• Genomics is hot! The complete mapping of the genome of Fragaria vesca, the woodland strawberry, which was announced in 2010, is now being put to use to discover the actual function of specific genes. Fragaria vesca, a close relative of the cultivated strawberry, is a simpler plant, diploid rather than octaploid. Fragaria vesca is small, so it can be studied in small pots in the lab, but is closely related to many plants of economic importance — not just strawberries, but also apples, peaches, and indeed the whole Rosaceae family. Working in related projects, Dr. Kevin Folta of the University of Florida and Janet Slovin of USDA-ARS in Beltsville, MD, explained how genetic manipulation allows scientists to change a plant so it lacks a specific gene or has too much of it. For example, a gene might control how long stems are, so that plants lacking it are dramatically stunted, and those with too much of it grow like basketball players. If a breeding program is interested in managing plant architecture, that is a good gene to know about!
• Disease forecasting systems for powdery mildew, botrytis, and anthracnose fruit rot (developed in Florida and England) show great promise for
helping growers know when to spray. Also intriguing were reports of research in Austria and China on using beneficial microorganisms to suppress soil-borne pathogens and powdery mildew. And I was much intrigued by a report from an Iranian scientist on using extracts of strawberry leaves and unripe berries to control fruit rots post-harvest.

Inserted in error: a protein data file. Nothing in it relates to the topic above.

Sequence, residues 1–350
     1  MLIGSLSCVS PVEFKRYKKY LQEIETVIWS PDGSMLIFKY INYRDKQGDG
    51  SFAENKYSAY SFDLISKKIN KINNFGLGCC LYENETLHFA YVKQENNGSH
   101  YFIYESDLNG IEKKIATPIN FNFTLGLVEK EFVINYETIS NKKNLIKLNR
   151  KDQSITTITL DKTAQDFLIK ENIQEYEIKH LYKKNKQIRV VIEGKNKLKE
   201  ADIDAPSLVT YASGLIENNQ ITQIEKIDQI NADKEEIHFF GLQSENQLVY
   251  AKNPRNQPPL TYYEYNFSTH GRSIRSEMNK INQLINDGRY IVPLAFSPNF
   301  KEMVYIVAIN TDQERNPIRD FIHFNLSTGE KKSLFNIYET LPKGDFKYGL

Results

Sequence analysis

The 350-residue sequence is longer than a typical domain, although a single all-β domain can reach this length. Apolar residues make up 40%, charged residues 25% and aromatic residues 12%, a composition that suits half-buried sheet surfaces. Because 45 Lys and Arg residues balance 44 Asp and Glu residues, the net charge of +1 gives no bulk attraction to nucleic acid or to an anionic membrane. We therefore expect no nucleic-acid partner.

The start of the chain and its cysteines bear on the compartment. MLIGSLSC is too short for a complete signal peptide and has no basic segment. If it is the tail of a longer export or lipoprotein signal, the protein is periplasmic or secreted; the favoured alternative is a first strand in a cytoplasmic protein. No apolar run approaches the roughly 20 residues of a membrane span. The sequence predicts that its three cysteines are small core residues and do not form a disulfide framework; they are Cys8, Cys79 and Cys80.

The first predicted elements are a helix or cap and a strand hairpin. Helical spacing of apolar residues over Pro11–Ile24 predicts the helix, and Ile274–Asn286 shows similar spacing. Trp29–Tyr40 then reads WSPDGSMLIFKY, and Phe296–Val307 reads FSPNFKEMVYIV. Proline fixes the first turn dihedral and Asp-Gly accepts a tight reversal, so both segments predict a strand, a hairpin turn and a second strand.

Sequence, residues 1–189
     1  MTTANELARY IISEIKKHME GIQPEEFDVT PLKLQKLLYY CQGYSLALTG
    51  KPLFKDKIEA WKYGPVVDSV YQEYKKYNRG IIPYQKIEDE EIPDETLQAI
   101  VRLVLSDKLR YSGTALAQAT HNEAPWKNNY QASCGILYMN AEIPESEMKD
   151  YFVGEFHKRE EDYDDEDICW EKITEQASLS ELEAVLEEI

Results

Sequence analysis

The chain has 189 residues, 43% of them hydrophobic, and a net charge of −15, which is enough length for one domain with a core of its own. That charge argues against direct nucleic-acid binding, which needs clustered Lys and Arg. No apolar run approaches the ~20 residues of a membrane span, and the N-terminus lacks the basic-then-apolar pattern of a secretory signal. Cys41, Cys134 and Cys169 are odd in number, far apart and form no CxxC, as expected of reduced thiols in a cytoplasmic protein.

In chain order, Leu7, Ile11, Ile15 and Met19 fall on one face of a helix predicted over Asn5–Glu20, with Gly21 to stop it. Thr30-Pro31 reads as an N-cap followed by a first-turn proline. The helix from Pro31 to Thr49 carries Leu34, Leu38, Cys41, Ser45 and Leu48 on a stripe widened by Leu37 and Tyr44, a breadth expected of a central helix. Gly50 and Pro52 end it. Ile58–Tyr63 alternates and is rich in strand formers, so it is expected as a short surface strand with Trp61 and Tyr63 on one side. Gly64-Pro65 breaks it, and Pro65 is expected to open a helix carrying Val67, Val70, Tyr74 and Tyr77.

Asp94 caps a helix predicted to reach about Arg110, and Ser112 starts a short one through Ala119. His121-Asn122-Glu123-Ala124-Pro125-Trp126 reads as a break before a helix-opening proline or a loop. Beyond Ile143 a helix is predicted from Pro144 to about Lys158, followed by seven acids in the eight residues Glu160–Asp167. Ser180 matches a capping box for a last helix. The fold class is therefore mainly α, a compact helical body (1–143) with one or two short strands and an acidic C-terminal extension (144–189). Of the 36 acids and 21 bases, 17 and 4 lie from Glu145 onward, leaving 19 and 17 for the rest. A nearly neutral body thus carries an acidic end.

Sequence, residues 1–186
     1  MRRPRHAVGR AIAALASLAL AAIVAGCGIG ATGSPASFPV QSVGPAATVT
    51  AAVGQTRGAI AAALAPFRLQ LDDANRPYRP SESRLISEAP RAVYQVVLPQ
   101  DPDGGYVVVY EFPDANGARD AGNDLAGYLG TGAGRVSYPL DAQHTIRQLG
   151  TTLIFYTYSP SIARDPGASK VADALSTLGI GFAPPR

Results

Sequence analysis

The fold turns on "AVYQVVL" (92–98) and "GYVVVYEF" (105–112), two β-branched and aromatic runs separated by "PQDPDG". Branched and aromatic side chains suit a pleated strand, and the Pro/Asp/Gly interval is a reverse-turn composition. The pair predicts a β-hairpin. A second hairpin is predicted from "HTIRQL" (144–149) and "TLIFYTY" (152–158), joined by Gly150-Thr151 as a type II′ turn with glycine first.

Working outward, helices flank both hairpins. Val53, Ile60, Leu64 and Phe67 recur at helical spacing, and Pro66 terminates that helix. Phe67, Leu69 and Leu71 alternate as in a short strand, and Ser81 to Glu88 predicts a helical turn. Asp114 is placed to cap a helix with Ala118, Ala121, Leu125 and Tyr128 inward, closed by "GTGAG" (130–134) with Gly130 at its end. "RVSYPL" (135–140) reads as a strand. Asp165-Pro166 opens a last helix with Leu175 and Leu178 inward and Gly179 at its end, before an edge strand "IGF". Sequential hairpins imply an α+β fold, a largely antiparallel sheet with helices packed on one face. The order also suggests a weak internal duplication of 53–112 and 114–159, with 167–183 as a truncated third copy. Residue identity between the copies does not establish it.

Production By Region
One day of the conference was devoted to “technical visits” to show off Chinese strawberry production, starting with the Strawberry Expo Gardens. These showcased greenhouse production methods, China’s many wild strawberry species, and cultivars from all over the world. In several smaller greenhouses, we saw different kinds of wild strawberries, all small and scraggly, and quite different from each other. Of the 25 recognized Fragaria species, 13 are found in China, more than any other country. Others showed off pink and red flowered ornamental strawberries. “Pink Panda,” the first of these, was bred in England, but the Chinese have taken up breeding ornamental strawberries with enthusiasm. Some of these also had quite respectably sized fruit; according to the signs, flavor varied.